During the last Dutch Citrix User Group I had the honour to present a 15 minutes ‘pitch’ on Citrix AppDisks which is a newly introduced feature in XenDesktop 7.8. It’s Citrix’s implementation of the popular layering solutions for application distribution.
With a lot of vendors jumping on the application layering bandwagon (yes, I’m looking at you UniDesk, LWL, VMware et all) Citrix decided to add this functionality to their core product being XenApp/XenDesktop. It was named AppDisk and AppDisks provide a way to manage applications into layers being independent to your base image.
The whole idea on AppDisk is that it’s integrated into the infrastructure so you don’t have to ramp up additional infrastructure to be able to deliver AppDisk. You can use any number of applications and the AppDisk can be used with multiple machines even on different OS versions, which is powered by AppDNA as you can read later on.
Obvious benefits of layering:
- Install applications (net new or updates) being independent of the base image (it being either Client OS hosted or Server OS hosted desktops). Which simplifies your application deployment strategy and limit the number of images you’d have to maintain.
- Application update windows will be massively reduced and it improves the speed of rolling out new applications or application updates.
- Enable a fallback strategy to be able to rollback to a previous version.
- Migrating your application stack to other locations just by copying the disk containing the apps.
Next step would be to go into the console and check out the ease of use of AppDisk. What will be crucial in the implementation of your layering solution will be the management of layers and their dependencies. Application layering won’t provide you with application isolation which means you need to take account for any dependencies within the application stacks.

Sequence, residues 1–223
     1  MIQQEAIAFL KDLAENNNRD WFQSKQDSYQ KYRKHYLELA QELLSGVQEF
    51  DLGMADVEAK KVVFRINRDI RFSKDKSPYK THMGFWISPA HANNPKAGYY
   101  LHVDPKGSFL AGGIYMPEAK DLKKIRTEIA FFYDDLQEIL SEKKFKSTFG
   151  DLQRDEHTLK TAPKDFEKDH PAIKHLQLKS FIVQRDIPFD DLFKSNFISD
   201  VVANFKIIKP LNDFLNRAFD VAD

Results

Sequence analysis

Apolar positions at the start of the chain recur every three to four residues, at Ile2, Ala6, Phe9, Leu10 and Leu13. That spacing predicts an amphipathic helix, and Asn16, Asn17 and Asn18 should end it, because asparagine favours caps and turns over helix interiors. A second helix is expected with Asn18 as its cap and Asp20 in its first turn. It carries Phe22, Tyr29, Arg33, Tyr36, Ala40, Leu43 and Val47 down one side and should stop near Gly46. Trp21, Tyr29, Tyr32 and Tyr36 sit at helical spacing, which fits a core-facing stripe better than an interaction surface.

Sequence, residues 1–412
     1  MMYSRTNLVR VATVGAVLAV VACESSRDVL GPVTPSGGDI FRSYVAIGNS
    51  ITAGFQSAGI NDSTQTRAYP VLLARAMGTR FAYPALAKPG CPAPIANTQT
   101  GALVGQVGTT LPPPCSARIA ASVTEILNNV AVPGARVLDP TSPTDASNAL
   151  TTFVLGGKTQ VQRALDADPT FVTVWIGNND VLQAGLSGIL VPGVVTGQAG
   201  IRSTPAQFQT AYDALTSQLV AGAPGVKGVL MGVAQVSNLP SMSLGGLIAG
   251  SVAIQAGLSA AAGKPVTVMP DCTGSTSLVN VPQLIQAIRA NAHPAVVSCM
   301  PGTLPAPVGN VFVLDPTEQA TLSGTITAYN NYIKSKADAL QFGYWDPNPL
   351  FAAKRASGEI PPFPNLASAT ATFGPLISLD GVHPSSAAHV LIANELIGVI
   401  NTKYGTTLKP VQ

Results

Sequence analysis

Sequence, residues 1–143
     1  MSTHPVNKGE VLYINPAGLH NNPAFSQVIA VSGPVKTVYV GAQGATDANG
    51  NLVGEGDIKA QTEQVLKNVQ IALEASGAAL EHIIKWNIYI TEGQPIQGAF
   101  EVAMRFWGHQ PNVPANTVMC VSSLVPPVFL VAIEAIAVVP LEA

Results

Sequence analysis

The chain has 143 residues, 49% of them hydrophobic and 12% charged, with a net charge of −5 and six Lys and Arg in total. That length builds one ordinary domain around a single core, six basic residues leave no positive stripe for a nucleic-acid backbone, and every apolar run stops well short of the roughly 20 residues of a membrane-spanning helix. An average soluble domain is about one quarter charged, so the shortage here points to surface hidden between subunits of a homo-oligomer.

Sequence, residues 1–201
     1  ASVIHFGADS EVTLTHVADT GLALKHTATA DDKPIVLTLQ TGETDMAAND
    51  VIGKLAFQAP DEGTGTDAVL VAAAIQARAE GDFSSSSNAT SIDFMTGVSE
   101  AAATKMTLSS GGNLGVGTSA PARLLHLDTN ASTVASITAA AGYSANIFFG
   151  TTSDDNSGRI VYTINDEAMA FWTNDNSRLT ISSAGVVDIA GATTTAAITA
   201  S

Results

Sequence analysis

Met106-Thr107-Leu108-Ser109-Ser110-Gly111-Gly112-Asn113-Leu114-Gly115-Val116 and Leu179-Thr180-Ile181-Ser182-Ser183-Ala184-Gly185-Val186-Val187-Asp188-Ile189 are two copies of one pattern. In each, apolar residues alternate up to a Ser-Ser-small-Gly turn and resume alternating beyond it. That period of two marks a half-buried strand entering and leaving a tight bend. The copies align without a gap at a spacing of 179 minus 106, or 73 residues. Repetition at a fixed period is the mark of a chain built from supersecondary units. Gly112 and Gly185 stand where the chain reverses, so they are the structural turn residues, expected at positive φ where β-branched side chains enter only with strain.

The demo video I showed at the DuCUG (in HiRES as the projectors couldn’t handle the higher resolution):
You can see the creation of an AppDisk, the installation of WireShark including boot driver and adding the AppDisk to a delivery group.
Powered by AppDNA:
One of the big differentiators for AppDisk will be the integration with AppDNA as it provides the option to predict the interoperability with the different application stacks and the operating system(s).
With the introduction of application layering you’ll see a reduced time to deploy but some investigation upfront is still needed because application layering isn’t the same as application isolation which means that you can still have application conflicts. That’s the sweet spot for AppDNA as you’re able to scan application layers to be compatible with other layers, existing applications and operating systems.
This all seems great but you’ll still see some gotchas when implementing application layering in general.
Most applications will have dependencies, most common and obvious are .Net, JAVA and Oracle. Is the base image compatible with that layer? Are your application layers inter-compatible?
There’s no application isolation and App-V can manage your apps outside of any layering tech, does this add to complexity? How many applications can/do you want to layer and how many applications do you want isolated?
Some of these questions are addressed with the combination of AppDisk and AppDNA, especially with the native integration with App-V. That being said, during the DuCUG Andrew Morgan announced a new initiative to get a workflow/recommendation doc/blog for Application layering so if you’re up for it feel free to reach out to him!
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